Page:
- Protein kinases are targets for drug development . Dysregulation of kinase activity leads to various diseases , e.g. cancer, inflammation, diabetes . Human polo-like kinase 1 (Plk1), a serine/threonine kinase, is a cancer-relevant gene and a potential drug target which attracts increasing attention in the field of cancer therapy. Plk1 is a key player in mitosis and modulates entry into mitosis and the spindle checkpoint at the meta-/anaphase transition. Plk1 overexpression is observed in various human tumors, and it is a negative prognostic factor for cancer patients . The same catalytical mechanism and the same co-substrate (ATP) lead to the problem of inhibitor selectivity. A strategy to solve this problem is represented by targeting the inactive conformation of kinases . Kinases undergo conformational changes between active and inactive conformation and thus an additional hydrophobic pocket is created in the inactive conformation where the surrounding amino acids are less conserved . A "homology model" of the inactive conformation of Plk1 was constructed, as the crystal structure in its inactive conformation is unknown. A crystal structure of Aurora A kinase served as template structure. With this homology model a receptor-based pharmacophore search was performed using SYBYL7.3 software. The raw hits were filtered using physico-chemical properties. The resulting hits were docked using Gold3.2 software, and 13 candidates for biological testing were manually selected. Three compounds of the 13 tested exhibit anti-proliferative effects in HeLa cancer cells. The most potent inhibitor, SBE13, was further tested in various other cancer cell lines of different origins and displayed EC50 values between 12 microM and 39 microM. Cancer cells incubated with SBE13 showed induction of apoptosis, detected by PARP (Poly-Adenosyl-Ribose-Polymerase) cleavage, caspase 9 activation and DAPI staining of apoptotic nuclei.
- Fuzzy virtual ligands for virtual screening (2009)
- A new method to bridge the gap between ligand and receptor-based methods in virtual screening (VS) is presented. We introduce a structure-derived virtual ligand (VL) model as an extension to a previously published pseudo-ligand technique : LIQUID  fuzzy pharmacophore virtual screening is combined with grid-based protein binding site predictions of PocketPicker . This approach might help reduce bias introduced by manual selection of binding site residues and introduces pocket shape information to the VL. It allows for a combination of several protein structure models into a single "fuzzy" VL representation, which can be used to scan screening compound collections for ligand structures with a similar potential pharmacophore. PocketPicker employs an elaborate grid-based scanning procedure to determine buried cavities and depressions on the protein's surface. Potential binding sites are represented by clusters of grid probes characterizing the shape and accessibility of a cavity. A rule-based system is then applied to project reverse pharmacophore types onto the grid probes of a selected pocket. The pocket pharmacophore types are assigned depending on the properties and geometry of the protein residues surrounding the pocket with regard to their relative position towards the grid probes. LIQUID is used to cluster representative pocket probes by their pharmacophore types describing a fuzzy VL model. The VL is encoded in a correlation vector, which can then be compared to a database of pre-calculated ligand models. A retrospective screening using the fuzzy VL and several protein structures was evaluated by ten fold cross-validation with ROC-AUC and BEDROC metrics, obtaining a significant enrichment of actives. Future work will be devoted to prospective screening using a novel protein target of Helicobacter pylori and compounds from commercial providers.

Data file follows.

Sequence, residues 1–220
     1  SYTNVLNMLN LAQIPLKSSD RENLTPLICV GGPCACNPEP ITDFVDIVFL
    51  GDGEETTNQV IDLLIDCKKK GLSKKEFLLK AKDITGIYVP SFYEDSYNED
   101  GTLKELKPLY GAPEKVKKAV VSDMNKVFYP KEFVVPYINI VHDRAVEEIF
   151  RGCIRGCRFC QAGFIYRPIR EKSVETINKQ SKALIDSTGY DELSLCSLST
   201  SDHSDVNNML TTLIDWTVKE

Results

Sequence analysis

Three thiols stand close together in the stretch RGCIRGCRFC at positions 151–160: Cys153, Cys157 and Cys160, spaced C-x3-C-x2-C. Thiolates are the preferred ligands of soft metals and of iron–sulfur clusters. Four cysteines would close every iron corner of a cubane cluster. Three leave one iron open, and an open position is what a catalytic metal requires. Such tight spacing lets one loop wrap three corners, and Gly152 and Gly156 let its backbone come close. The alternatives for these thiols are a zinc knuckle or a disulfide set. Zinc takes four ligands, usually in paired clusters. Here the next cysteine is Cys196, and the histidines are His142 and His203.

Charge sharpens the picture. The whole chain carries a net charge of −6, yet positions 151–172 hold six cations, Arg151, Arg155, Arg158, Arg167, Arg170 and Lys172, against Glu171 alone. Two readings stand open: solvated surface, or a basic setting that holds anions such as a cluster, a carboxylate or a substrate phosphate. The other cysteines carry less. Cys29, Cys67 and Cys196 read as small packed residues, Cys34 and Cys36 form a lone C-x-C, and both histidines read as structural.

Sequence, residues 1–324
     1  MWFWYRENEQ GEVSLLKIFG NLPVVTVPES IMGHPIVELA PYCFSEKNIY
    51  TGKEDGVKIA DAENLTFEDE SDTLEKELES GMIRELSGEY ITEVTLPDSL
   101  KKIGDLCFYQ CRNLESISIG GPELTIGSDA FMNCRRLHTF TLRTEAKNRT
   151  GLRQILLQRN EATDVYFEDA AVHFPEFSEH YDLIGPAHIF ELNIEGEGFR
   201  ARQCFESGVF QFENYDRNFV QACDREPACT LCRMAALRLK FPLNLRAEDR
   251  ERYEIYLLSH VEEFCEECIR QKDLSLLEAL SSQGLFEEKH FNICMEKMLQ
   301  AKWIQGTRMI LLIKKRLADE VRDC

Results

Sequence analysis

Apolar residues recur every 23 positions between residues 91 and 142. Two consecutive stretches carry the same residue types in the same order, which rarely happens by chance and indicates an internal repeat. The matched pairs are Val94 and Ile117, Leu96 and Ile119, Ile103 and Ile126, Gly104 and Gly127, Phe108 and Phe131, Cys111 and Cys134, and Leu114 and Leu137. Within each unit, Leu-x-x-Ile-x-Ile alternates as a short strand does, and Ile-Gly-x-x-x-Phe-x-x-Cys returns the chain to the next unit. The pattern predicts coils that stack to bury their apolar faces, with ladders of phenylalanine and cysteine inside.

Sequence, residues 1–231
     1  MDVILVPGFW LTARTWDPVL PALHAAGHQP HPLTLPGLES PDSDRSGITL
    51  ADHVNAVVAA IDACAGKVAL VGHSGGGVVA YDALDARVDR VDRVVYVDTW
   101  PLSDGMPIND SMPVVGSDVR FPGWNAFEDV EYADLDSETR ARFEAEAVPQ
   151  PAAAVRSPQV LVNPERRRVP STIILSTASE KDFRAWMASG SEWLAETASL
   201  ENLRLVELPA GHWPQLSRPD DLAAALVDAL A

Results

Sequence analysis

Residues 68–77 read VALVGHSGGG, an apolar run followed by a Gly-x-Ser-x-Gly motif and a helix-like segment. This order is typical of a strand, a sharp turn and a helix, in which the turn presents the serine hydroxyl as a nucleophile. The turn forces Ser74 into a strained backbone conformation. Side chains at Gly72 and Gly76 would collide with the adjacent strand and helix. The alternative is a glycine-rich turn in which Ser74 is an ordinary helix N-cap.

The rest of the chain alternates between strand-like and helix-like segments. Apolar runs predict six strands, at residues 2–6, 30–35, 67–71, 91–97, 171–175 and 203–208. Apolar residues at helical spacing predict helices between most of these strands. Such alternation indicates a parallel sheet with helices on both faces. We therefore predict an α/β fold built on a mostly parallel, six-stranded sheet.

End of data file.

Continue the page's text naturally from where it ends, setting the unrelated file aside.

- Predicting olfactory receptor neuron responses from odorant structure (2007)
- Background Olfactory receptors work at the interface between the chemical world of volatile molecules and the perception of scent in the brain. Their main purpose is to translate chemical space into information that can be processed by neural circuits. Assuming that these receptors have evolved to cope with this task, the analysis of their coding strategy promises to yield valuable insight in how to encode chemical information in an efficient way. Results We mimicked olfactory coding by modeling responses of primary olfactory neurons to small molecules using a large set of physicochemical molecular descriptors and artificial neural networks. We then tested these models by recording in vivo receptor neuron responses to a new set of odorants and successfully predicted the responses of five out of seven receptor neurons. Correlation coefficients ranged from 0.66 to 0.85, demonstrating the applicability of our approach for the analysis of olfactory receptor activation data. The molecular descriptors that are best-suited for response prediction vary for different receptor neurons, implying that each receptor neuron detects a different aspect of chemical space. Finally, we demonstrate that receptor responses themselves can be used as descriptors in a predictive model of neuron activation. Conclusions The chemical meaning of molecular descriptors helps understand structure-response relationships for olfactory receptors and their 'receptive fields'. Moreover, it is possible to predict receptor neuron activation from chemical structure using machine-learning techniques, although this is still complicated by a lack of training data.